High levels of occupational cadmium exposure have been associated with immunotoxic effects, but less is known about the impact of lower level exposures in the general population, typically due to smoking and diet. The present study examined blood cadmium levels in relation to white blood cell (WBC) and differential counts in a national sample of adults in the U.S. (NHANES 1999-2002). The sample included 5,382 adults ages 20-69 with WBC in the normal range (3.5-11 X 10^6 cells/ml). Cadmium, WBC and differential counts were measured in blood specimens. Linear regression models and estimated means adjusted for sample weights, age, sex, race, education, body mass index, recent infection, C-reactive protein, and blood lead level. Increased cadmium level from the lowest (Q1 < / = 0.2 ug/L) to the highest quartile (Q4 mean 1.2 ug/L, range 0.7-8.5) was associated with significantly higher WBC counts, ranging from a Q1 mean of 6.48 X 10^6 cells/ml (95% Confidence Limit, CL 6.39, 6.56) to a Q4 mean of 7.45 (95% CL 7.30, 7.60) (Q4-Q1 = 0.97, p < 0.0001), primarily due to differences in neutrophil count. Significant differences in mean WBC were seen in current smokers (Q4-Q1 = 0.51, p = 0.043), but not in non-smokers. Smoking status accounted for most of the observed association in women, but not in men, where a smoking-adjusted difference in the means persisted (Q4-Q1 = 0.63, p < 0.0001). In these cross-sectional analyses, elevated cadmium was associated with higher WBC in a representative sample of the general population. Differences in association by smoking and gender could reflect the influence of exposure route (i.e., inhaled versus ingested) and the possible contribution of occupational exposures in men.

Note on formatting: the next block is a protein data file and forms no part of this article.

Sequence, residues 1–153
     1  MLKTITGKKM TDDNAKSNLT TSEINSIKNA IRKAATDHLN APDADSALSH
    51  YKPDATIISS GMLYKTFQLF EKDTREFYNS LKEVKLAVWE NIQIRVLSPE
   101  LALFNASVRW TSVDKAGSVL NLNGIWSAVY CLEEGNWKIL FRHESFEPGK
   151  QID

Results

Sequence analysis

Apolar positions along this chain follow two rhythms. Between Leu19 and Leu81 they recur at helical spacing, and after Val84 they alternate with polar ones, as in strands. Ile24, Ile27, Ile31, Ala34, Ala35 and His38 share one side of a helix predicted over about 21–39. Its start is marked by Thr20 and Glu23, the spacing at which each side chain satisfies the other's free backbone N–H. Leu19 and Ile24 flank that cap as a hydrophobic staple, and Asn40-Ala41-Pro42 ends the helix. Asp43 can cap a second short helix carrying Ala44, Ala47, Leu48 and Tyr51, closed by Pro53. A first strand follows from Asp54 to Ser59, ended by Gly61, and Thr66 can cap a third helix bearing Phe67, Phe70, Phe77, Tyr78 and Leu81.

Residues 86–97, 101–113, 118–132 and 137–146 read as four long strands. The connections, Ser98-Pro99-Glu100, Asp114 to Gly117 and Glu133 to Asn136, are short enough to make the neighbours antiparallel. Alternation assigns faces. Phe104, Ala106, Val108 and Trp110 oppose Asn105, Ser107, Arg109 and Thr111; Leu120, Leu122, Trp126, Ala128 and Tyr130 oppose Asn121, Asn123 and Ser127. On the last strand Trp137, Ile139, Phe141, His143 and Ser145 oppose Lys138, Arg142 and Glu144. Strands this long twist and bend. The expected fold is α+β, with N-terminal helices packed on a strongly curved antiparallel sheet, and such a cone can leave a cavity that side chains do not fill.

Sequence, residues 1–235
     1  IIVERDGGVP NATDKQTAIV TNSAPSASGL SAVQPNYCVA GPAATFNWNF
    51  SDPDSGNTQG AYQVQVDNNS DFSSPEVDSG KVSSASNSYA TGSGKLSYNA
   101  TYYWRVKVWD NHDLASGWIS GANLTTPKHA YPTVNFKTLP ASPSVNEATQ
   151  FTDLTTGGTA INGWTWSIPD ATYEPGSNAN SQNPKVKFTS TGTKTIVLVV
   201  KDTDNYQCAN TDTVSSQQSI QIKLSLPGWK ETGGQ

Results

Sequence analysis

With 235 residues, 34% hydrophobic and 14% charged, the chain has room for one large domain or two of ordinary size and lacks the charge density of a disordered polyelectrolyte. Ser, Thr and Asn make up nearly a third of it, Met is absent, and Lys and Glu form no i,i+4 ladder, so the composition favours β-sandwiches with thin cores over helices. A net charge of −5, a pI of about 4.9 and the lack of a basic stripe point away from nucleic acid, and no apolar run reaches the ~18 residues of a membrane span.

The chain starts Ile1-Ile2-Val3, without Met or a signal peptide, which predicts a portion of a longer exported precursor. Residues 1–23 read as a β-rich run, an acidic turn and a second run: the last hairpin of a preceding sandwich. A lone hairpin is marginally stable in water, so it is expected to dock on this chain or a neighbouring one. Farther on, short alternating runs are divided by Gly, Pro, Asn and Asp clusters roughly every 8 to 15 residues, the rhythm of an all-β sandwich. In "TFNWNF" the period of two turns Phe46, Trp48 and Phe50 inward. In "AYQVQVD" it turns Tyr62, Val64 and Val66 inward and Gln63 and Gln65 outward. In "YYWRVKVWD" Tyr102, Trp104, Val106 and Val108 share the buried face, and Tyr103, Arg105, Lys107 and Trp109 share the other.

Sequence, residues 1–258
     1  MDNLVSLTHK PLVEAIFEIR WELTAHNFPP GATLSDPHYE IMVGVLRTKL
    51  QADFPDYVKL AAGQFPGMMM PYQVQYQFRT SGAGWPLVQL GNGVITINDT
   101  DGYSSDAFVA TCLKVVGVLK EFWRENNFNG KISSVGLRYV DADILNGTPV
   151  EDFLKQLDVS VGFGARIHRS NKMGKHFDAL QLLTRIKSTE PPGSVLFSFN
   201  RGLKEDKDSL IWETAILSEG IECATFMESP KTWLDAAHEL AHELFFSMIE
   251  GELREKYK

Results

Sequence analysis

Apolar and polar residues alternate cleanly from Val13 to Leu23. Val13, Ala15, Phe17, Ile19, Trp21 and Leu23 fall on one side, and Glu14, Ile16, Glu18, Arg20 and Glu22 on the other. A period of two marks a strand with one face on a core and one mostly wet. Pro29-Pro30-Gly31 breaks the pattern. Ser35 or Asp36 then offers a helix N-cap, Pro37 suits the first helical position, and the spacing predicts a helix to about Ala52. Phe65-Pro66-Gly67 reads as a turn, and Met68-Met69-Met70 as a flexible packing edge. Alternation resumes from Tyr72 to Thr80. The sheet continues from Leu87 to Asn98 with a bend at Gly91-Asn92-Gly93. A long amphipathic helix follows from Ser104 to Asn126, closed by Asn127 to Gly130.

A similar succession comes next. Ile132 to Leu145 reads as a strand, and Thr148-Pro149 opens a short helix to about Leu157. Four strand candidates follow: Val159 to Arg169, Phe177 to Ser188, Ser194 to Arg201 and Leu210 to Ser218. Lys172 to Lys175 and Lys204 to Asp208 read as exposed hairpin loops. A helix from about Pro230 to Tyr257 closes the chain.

American Journal of Epidemiology. Abstracts of the 2nd North American Congress of Epidemiology, June 21-24, 2006, Seattle, Washington